Thursday, September 21, 2017

Interview with multi-genre novelist Layton Green

Multi-genre novelist Layton Green is here today and we’re chatting about the first book in his new Blackwood Saga fantasy series, The Brothers Three.

Layton is a bestselling author who writes across multiple genres, including mystery, thriller, suspense, horror, and fantasy. He is the author of the popular Dominic Grey series, as well as other works of fiction. His novels have been optioned for film, nominated for multiple awards (including a finalist for an International Thriller Writers award), and have reached #1 on numerous genre lists in the United States, the United Kingdom, and Germany. His latest Dominic Grey novel, The Shadow Cartel, was a #2 overall bestseller on Amazon UK. Layton is also the co-editor of International Thrills, the online magazine of ITW (International Thriller Writers).

In addition to writing, Layton attended law school in New Orleans and was a practicing attorney for the better part of a decade. He has also been an intern for the United Nations, an ESL teacher in Central America, a bartender in London, a seller of cheap knives on the streets of Brixton, a door to door phone book deliverer in Florida, and the list goes downhill from there.

Welcome, Layton. Please tell us about your current release.
I started with the idea of ‘what do I really want to read?’ I love epic fantasy, I love fantasy novels that transport characters from our world to another world, and I also love urban fantasy. I decided to meld all three, and the world building—the alternate-reality New Orleans—just sort of took off. After the brothers reach the new world and team up with a dangerous adventuress and her band of mercenaries, The Brothers Three follows a classic quest motif, a journey to an abandoned keep, and it’s the first in the series (The Blackwood Saga). There will be five in total.

What inspired you to write this book?
My love of fantasy.

Excerpt from The Brothers Three:


If only all nights were this sultry, all moons so bright and clear. The tendrils of Spanish moss dripping from the oaks whispered adventure in Will Blackwood’s ear, made him long for gallant quests and fiendish dungeons and exotic, leather-clad heroines.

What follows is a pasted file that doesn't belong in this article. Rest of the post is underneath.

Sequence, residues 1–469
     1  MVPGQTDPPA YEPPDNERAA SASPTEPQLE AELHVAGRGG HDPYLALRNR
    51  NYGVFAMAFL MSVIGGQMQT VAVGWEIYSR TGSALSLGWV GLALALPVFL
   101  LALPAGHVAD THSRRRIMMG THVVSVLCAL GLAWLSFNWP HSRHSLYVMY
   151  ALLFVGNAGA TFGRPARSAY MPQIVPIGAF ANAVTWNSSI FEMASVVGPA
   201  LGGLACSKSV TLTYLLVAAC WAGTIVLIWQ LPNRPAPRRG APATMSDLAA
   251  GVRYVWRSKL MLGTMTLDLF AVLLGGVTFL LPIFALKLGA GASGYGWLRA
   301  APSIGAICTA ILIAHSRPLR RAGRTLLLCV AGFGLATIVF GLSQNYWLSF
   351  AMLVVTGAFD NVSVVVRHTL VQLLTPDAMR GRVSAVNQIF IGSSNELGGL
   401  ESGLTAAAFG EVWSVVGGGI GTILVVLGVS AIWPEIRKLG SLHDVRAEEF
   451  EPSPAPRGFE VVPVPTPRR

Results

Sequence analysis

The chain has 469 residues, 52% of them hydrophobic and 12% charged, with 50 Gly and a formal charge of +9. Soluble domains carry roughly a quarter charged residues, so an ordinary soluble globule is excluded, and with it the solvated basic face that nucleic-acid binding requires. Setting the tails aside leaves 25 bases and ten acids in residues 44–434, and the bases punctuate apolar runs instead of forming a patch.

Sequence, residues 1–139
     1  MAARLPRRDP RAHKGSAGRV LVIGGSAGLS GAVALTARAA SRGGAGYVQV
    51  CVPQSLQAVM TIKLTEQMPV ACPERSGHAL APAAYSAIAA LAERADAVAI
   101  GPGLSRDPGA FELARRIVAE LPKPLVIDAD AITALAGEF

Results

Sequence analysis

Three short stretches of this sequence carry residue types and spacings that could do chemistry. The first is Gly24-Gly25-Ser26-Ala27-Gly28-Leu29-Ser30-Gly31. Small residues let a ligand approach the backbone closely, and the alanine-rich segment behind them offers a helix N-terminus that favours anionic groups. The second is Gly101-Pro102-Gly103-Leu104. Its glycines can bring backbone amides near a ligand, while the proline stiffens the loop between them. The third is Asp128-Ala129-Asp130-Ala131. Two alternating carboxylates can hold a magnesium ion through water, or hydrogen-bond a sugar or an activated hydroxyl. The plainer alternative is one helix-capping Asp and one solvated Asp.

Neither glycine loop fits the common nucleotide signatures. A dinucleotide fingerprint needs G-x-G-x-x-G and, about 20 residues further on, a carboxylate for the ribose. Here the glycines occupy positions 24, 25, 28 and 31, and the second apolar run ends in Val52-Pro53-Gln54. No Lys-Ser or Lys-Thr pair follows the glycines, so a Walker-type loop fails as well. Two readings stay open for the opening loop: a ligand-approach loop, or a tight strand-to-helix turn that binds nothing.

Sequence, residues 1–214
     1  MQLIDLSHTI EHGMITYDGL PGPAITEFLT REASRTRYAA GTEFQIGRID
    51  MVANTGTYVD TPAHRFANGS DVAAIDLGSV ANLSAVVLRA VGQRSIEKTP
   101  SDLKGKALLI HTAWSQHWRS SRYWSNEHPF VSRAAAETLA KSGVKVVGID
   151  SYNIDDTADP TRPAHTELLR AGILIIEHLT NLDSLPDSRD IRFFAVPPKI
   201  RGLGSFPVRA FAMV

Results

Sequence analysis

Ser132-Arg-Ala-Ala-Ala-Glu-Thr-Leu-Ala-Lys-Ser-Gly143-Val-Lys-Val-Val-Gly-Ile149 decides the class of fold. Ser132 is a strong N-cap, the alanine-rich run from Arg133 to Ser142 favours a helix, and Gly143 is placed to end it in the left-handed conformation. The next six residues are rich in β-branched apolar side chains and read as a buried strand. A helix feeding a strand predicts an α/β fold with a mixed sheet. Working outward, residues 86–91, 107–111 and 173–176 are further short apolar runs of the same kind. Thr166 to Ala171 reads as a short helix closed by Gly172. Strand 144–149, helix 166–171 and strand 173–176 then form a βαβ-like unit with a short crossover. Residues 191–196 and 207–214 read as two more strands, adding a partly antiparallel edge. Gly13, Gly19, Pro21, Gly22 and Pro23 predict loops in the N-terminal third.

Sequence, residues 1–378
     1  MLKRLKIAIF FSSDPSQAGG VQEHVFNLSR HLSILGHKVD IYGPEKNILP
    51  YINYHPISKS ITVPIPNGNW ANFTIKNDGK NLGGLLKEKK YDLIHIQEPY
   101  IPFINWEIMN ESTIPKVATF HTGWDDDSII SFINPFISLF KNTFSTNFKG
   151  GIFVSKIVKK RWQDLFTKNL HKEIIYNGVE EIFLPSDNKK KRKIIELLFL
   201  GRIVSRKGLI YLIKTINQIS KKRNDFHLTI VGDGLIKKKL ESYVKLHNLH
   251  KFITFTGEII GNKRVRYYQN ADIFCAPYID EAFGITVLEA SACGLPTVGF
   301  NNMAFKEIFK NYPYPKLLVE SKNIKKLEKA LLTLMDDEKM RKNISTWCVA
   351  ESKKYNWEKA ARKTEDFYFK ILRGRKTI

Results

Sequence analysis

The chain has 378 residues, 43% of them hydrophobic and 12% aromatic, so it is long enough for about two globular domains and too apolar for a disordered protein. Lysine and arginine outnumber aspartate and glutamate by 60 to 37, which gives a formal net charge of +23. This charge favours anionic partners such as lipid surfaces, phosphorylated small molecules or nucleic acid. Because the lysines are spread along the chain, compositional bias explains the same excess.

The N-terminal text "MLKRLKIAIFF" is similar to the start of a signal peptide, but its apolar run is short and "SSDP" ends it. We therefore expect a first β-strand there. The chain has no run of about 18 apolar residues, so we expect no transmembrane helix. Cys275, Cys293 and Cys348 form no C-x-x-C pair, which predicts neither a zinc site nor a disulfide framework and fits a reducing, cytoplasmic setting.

With practiced flair, Will threw his cape over his shoulder, pulled on his gauntlets, and twirled his sword above his head. Then he shut the trunk of his Honda Civic and trudged through the parking lot to the employee entrance of Medieval Nights, a joust-themed dinner theatre in New Orleans.
To make ends meet, Will spent a few nights a week engaging in staged battles with a staff of fellow underachieving twenty-somethings. Once Will stepped into the pennant-lined arena, the music started, and the crowd of children and bored retirees screamed at the top of their lungs for blood and victory, he knew he was as close to Middle Earth as he was ever going to get.
After dispatching two trolls and a papier-mâché dragon, Will changed into a pair of Carhartt pants and a T-shirt and headed to the House of Spirits, a funky little joint where his brother Caleb tended bar.
It would be the same routine: two draft Abita Ambers to take the edge off, a little online gaming back at the apartment, and then asleep by midnight so Will could wake up at six a.m. for his day job as a general contractor’s assistant.
Just like every other night, just like every other morning.
Right before he walked through the beaded entrance of the House of Spirits, Will felt his cell buzz.
The text was from his oldest friend, Lance Wesson, whose name Will envied for not sounding like a hobbit’s.
Lance had enlisted in the Marines after high school, then joined the New Orleans Police Department after returning from active duty. Will’s history of severe panic attacks, which had started after his father died, prevented Will from joining any profession involving danger or stress. Lance was sympathetic and let him ride along on calls he knew wouldn’t involve any risk.
Will texted back.
            Will sighed, running a hand through his blond hair. What would be his next big vicarious adventure, staking out jaywalkers?
He always felt patronized when he rode with Lance, but he had trouble resisting the siren call of potential excitement.
            Will’s fingers flicked across the keypad.
Will stepped outside to wait. His quick blue eyes roamed the darkened street, all too aware that nothing truly mysterious lived in the shadows of New Orleans, or anywhere else on Earth.
 Why had evolution enabled human beings to develop such potent imaginations?
* * *

What exciting story are you working on next?
The fourth book in The Blackwood Saga

When did you first consider yourself a writer?
I came upon writing a little bit by accident. While I was working as an attorney, I set out to write a novel that I felt I needed to write. Not because I was a novelist (I had never written a word of fiction, outside of my legal briefs), but because I had a story I wanted to tell. During the process of fumbling through that first novel, I knew, without a shadow of a doubt, that writing novels was what I had to do with my life. I think anyone who completes a novel should feel like a writer!

Do you write full-time? If so, what's your work day like? If not, what do you do other than write and how do you find time to write?
I write full-time now, six to eight hours a day, at least five days a week.

What would you say is your interesting writing quirk?
I “hunt and peck” with two fingers. It gives me time to think about what I’m writing.

As a child, what did you want to be when you grew up?
A paleontologist.

Anything additional you want to share with the readers?
I’d love for you to check out my work!


Thanks for joining me here today, Layton.

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